2 of 3 people found the following review helpful
Interesting but exasperating,
Verified Purchase(What is this?)
This review is from: Arctic Glass: Six Years of Adventure in Alaska and Beyond (Kindle Edition)
I found “Arctic Glass” an exasperating book to read because of the hundreds of errors it contains (I stopped recording them after noting 223). Not exactly “Six Years of Adventure in Alaska and Beyond” but rather an anthology of several discrete adventures spread over a period of six years, the journeys recorded in “Arctic Glass” are interesting and Homer has a pleasing underlying style of writing marred only by the inexcusable mistakes of a sometime newspaper editor with a degree in journalism.
Homer adopts all the shortcomings found in much of contemporary American writing, for example by assuming that all her readers are totally familiar with all aspects of American life and by using adjectives as nouns and nouns as verbs but then, both in style and terminology, adds several defects of her own. Repeatedly, she gives the impression of having picked up a word which she likes but with the meaning or usage of which she is not wholly conversant. Merely as three of many examples, she consistently uses the word “odometer” (a device for recording distance travelled) to refer to her speedometer, which is an entirely different instrument; mistakenly uses “relishes in” as a replacement for “revels in” and describes pitching or setting up camp as “breaking camp”. Of more concern are Homer’s use of inappropriate tenses and voices; her inability to differentiate between subject and object pronouns, adjectives and adverbs or transitive and intransitive verbs and an apparent unfamiliarity with the subjunctive. Even if such solecisms are overlooked, the many sentences which do not make sense, which omit necessary words or include unnecessary words all detract from her accounts and should have been corrected by adequate proof-reading before publication.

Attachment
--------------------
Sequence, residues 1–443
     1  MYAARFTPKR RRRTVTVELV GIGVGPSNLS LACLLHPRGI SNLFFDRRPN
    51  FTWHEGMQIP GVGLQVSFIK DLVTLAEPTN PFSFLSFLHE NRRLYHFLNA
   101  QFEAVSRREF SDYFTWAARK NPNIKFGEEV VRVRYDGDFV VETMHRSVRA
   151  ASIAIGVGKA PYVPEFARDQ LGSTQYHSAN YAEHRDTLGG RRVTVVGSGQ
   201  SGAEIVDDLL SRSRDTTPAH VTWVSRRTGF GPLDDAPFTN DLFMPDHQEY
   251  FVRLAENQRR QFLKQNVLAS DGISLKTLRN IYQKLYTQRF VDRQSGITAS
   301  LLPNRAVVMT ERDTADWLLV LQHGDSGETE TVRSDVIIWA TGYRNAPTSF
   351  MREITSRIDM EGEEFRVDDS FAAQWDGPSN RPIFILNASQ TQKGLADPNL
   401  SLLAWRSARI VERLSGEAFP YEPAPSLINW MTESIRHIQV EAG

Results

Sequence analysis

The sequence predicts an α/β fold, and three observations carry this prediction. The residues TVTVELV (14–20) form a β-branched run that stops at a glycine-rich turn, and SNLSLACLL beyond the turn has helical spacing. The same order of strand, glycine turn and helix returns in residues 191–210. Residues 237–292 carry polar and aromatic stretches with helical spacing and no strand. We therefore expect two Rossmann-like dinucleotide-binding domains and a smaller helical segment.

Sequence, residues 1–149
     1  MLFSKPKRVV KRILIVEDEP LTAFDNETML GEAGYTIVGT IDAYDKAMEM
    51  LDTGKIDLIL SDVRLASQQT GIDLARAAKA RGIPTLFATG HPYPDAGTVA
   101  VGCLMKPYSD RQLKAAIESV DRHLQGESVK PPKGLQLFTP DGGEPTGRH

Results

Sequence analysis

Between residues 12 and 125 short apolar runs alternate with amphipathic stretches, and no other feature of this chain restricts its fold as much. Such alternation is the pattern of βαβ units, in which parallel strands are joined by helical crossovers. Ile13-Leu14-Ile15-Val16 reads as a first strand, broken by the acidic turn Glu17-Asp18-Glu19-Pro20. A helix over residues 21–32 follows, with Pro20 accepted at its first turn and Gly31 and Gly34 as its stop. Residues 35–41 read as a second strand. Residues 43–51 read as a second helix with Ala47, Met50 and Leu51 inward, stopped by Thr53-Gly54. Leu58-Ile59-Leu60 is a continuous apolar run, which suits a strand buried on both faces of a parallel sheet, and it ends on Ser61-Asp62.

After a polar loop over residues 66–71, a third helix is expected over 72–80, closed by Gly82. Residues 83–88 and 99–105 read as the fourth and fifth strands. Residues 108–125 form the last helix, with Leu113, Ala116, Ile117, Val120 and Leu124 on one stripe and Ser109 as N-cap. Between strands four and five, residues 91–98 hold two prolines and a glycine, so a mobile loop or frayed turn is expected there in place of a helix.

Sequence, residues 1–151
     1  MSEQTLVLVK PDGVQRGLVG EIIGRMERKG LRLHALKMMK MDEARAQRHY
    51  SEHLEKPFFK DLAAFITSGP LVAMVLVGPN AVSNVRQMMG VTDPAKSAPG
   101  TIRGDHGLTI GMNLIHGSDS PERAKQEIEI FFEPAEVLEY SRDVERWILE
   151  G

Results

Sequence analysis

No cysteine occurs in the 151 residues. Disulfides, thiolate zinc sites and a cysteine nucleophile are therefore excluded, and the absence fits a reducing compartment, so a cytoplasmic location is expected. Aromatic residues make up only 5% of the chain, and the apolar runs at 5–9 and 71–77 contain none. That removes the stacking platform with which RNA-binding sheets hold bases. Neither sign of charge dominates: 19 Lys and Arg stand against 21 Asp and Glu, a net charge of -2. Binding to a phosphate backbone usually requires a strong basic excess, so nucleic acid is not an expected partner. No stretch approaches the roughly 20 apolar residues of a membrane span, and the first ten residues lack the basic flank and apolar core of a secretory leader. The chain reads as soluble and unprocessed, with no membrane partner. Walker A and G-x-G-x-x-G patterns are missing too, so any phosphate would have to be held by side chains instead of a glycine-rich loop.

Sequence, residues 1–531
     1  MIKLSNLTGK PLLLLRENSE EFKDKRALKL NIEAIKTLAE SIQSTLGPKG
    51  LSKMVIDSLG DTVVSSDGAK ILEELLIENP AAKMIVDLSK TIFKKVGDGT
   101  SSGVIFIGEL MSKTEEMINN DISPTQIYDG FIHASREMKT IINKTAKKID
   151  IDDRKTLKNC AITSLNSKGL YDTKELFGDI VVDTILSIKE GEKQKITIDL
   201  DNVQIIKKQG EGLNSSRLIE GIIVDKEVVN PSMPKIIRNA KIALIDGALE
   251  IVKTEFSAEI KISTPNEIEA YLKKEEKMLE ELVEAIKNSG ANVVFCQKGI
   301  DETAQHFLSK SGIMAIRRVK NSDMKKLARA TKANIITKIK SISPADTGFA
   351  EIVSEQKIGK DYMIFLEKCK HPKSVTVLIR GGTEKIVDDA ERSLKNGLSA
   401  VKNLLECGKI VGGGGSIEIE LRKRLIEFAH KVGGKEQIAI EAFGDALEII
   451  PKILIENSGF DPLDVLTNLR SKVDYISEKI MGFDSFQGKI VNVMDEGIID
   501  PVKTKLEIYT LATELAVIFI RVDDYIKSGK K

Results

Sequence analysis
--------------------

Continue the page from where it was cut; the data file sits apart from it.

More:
In terms of content, I found myself equally exasperated by Homer’s, acknowledged, lack of planning both before and during her trips, resulting in her constantly pushing herself to the point of exhaustion; her self-inflicted “accidents”, which she also acknowledges; her reliance on junk food and her not infrequent over-dramatic descriptions. She is never “thirsty”, always “dehydrated”; rarely “cold” but suffering from incipient “hypothermia”. Despite her claims to be looking for her “inner self”, perhaps such descriptions, or the deliberate understatement which some comparable authors prefer, are acceptable in what are essentially attention-seeking activities.
Despite these strictures, “Arctic Glass” was well worth reading, if only to compare Homer’s adventures with the comparable experiences of others, including myself, “in Alaska and Beyond”. “Arctic Glass” could have been a much better book. Although her probable motivation is understandable, by choosing to publish it herself without adequate preparation, Homer has done herself an injustice from which it is hoped she will learn.